"We have worked with Michael Huston of Hub Architecture for a number of years on a range of residential and commercial projects. His approach is innovative, creative, diligent and highly professional from concept to final detailed designs and we would have no hesitation in recommending Michael for his Architectural services" Alistair Carr, Anvil Homes

Nominated for 'Development of the year' at the Sunday Times British Homes Awards 2015, this new build project had the daunting task of introducing three new homes into a small rural village steeped in history and surrounded by traditional Northumbrian architecture. Hub's approach struck a fine line between acknowledging the past and building homes ready for the future.

Slayley-05

Modern standards, traditional approach

Slayley-04

Three homes on what was originally a garden plot

Slayley-02

Respectful of the past whilst embracing the future

The development in conjunction with Anvil Homes was recently shortlisted for The Sunday Times British Homes Award 2015. What is it about the project that you think has attracted so much attention?

I think it’s how the site has preserved the character and feel of the site – it is adjacent a beautiful church and splendid older property. It needed to sit effortlessly within the site context and I think we achieved that here.

The development has a real feel of authenticity to it, I think you would be surprised to find out that it is a new build. Is this something that you were looking for? How did you achieve it?

Yes that's definitely right. It is achieved by enormous attention to the small details and many years of learning how buildings used to be built so we could adapt modern methods to reflect the appearance of age without producing a ‘twee’ or ‘kitch’ product. It is a huge effort to design properties like that, but worth taking the time to do it right, as the award shortlist has recognised. The site design is also critical – not just the design but the selection of site is everything. Without context, nothing has any real meaning, so being able to find these elusive plots is a true challenge in itself.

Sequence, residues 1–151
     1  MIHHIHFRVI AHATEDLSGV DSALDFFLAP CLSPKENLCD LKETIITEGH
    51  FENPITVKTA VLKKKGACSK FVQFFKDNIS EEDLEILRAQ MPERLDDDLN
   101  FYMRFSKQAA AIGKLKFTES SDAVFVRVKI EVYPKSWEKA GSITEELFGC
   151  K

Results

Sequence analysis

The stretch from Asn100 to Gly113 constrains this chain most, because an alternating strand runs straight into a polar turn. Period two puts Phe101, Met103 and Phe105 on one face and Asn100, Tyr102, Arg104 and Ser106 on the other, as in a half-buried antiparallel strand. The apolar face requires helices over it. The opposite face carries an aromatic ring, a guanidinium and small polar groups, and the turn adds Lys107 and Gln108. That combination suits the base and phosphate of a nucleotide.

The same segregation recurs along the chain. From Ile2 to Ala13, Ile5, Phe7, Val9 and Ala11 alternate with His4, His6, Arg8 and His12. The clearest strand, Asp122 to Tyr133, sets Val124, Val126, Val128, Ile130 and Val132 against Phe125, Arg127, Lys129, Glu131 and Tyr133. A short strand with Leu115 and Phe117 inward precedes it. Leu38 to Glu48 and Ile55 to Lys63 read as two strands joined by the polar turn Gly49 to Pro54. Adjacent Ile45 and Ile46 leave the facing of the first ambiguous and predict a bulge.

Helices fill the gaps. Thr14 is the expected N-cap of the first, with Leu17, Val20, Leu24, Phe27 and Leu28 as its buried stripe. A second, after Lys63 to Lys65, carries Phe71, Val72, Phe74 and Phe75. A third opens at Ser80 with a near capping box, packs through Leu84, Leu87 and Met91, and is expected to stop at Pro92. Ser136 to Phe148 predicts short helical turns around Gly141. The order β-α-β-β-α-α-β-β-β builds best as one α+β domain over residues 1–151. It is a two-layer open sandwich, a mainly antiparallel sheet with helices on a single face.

How did you approach the project initially? Was it difficult working in a village where the majority of other buildings are so traditional? Was this a big factor in your design approach?

The brief from the client is everything, it is my bible so to speak. Planning guidelines are challenging in a lot of areas, they tend to drive you down a road you are not sure you want to be heading down. My skill set is to be able to spot where the planning book 'sat nav' says you must go and find a different way if the client doesn’t like the route!

What were the main challenges that you had to overcome on the project? Are there any features that you are particularly proud of?

Site layout. Creating exclusivity within what was a residential garden and now has three homes in it. The stone bay windows are the detail I am most proud of. They were incredibly challenging to build in a traditional manner so we have revisited the design to simplify them massively yet they look identical to the originals.

This project was delivered in collaboration with a developer. If a private client was looking for something similar how would you go about helping them make it happen?

There is no difference in treatment between a private individual and a developer. As my client you have an equal draw on my input and services.


Project Name: Slaley Development

Hub roles: Architectural design, planning submissions, building regulations


Interested in this project? Get in touch to find out more or discuss your own big idea.